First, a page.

Libyan rivals meet in Morocco for peace talks

Libyan rivals meet in Morocco for peace talks
The Libyan Dialogue meeting between rival Libyan parties was held in the resort town of Bouznika, south of the capital Rabat, under the auspices of Moroccan foreign minister Nasser Bourita. (Facebook/@MarocDiplomatie)
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Updated 06 September 2020

Libyan rivals meet in Morocco for peace talks

Libyan rivals meet in Morocco for peace talks
  • Libyan Dialogue hopes to lay the groundwork for a further meeting in Geneva
  • The talks are the first meeting between the two sides in months

LONDON: Libya’s warring governments met in Morocco on Sunday for talks aimed at resolving the conflict.
The meeting in the coastal resort of Bouznika, south of Rabat, was attended by five members from the House of Representatives (HOR), based in eastern Libya, and five from the High Council of State located in the capital Tripoli.
The High Council of State is an advisory body to the UN backed Government of National Accord (GNA).
The talks are the first meeting between the two sides in months and come after a cease-fire was declared last month.
Shortly before the talks, Fayez Al-Sarraj, who heads the GNA, met with Turkey’s President Recep Tayyip Erdogan in Istanbul. Turkey is the main financial and military backer of the GNA and is accused of exacerbating the conflict by supplying weapons and Syrian mercenaries to the Libyan battlefields.
The talks in Morocco hope to lay the groundwork for a further meeting in Geneva, Morocco’s foreign ministry said.
The dialogue aims to stabilize the cease-fire and open negotiations to resolve differences between the factions. Thorny issues to be discussed include the Central Bank and the National Oil Corporation.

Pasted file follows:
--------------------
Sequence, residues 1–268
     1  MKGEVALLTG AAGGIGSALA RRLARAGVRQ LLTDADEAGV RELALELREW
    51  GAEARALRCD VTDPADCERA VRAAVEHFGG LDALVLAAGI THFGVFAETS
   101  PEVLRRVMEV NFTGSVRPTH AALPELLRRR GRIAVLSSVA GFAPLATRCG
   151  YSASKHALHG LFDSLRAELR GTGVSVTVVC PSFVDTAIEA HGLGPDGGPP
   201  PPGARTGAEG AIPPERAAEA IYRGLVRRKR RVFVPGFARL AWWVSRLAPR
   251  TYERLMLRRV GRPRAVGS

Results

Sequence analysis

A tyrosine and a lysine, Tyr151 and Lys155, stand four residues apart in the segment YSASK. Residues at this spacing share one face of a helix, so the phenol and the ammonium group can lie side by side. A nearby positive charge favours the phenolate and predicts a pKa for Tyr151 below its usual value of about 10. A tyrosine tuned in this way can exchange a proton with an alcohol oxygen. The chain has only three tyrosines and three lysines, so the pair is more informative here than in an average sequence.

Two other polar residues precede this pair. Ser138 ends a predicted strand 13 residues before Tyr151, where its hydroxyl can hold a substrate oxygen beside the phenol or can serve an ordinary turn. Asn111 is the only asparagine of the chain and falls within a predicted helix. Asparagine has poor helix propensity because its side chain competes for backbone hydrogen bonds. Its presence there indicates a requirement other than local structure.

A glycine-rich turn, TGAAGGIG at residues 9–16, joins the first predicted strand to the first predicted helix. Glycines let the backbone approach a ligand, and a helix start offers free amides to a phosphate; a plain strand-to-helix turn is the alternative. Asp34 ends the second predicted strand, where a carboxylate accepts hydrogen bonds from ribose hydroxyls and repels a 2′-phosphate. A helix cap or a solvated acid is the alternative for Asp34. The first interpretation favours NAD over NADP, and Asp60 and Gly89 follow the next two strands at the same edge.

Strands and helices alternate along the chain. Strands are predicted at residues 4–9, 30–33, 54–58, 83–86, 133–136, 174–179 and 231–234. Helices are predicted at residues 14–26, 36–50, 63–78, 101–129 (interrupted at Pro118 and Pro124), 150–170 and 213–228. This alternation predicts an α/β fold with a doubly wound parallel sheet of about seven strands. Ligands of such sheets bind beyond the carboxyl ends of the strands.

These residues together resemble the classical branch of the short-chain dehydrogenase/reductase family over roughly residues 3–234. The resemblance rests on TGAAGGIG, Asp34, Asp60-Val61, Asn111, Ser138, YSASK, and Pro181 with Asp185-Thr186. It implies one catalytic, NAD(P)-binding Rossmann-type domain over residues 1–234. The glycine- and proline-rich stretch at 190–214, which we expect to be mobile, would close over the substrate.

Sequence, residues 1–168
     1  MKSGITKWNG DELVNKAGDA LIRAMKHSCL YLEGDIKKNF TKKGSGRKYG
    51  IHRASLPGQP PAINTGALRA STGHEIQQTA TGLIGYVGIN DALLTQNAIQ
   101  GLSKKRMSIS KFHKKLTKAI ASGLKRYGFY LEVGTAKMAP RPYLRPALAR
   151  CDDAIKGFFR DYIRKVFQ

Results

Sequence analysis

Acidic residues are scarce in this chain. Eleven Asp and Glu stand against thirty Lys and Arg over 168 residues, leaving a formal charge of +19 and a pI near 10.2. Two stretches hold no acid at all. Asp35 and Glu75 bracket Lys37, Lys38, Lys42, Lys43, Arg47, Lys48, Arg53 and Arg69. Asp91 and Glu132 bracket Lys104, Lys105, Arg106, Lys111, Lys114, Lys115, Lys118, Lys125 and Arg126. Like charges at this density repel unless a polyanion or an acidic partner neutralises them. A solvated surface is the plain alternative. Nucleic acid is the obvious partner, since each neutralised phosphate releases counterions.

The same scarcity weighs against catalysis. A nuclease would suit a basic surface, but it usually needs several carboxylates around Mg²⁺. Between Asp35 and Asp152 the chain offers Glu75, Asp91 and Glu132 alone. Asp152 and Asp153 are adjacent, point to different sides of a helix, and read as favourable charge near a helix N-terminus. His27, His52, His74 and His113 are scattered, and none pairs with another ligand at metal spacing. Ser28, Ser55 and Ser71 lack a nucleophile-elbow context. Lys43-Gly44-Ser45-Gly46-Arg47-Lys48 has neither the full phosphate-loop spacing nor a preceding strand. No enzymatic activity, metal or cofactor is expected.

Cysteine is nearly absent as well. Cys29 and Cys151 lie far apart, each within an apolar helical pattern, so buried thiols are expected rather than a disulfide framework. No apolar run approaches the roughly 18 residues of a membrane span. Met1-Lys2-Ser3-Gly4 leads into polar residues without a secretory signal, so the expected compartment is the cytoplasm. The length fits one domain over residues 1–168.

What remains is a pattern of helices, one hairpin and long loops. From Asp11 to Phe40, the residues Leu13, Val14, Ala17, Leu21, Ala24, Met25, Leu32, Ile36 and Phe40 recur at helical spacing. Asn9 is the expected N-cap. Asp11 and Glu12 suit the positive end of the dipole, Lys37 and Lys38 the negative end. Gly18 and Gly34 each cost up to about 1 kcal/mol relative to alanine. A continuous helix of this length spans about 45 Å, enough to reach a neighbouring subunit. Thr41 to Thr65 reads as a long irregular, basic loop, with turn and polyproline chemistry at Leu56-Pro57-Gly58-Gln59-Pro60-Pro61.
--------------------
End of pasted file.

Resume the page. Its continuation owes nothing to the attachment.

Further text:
Khalid Al-Mishri, head of the High Council of State, said Libya is going through “economic, political and security crises” but that they “will endeavor with the House of Representatives to avoid a new war.”
Morocco’s foreign minister called for restoring confidence between the two sides as the talks got underway.
“We opened the way for a Libyan-Libyan dialogue without any interference, and we call for building understandings between the Libyan parties,” Nasser Bourita said.
“Morocco does not have an agenda in Libya and does not have a Moroccan solution to the crisis. Rather, it only has a sincere will to help the Libyan brothers in order to enter into a discussion to find a Libyan solution to their crisis, by keeping pace with the work of the United Nations.”
Morocco has increased mediating efforts in the conflict that was sparked by the downfall of Muammar Qaddafi in 2011. 
Al-Mishri visited Rabat in July at the same time as the HOR President Aguila Saleh and Acting Head of the United Nations Support Mission in Libya Stephanie Williams.
The HOR is backed by the Libyan National Army and its commander Khalifa Haftar.

Last month, the two warring sides announced separately that they would cease all hostilities and hold nationwide elections, drawing praise from world powers after a series of fruitless initiatives in recent years to stop the conflict.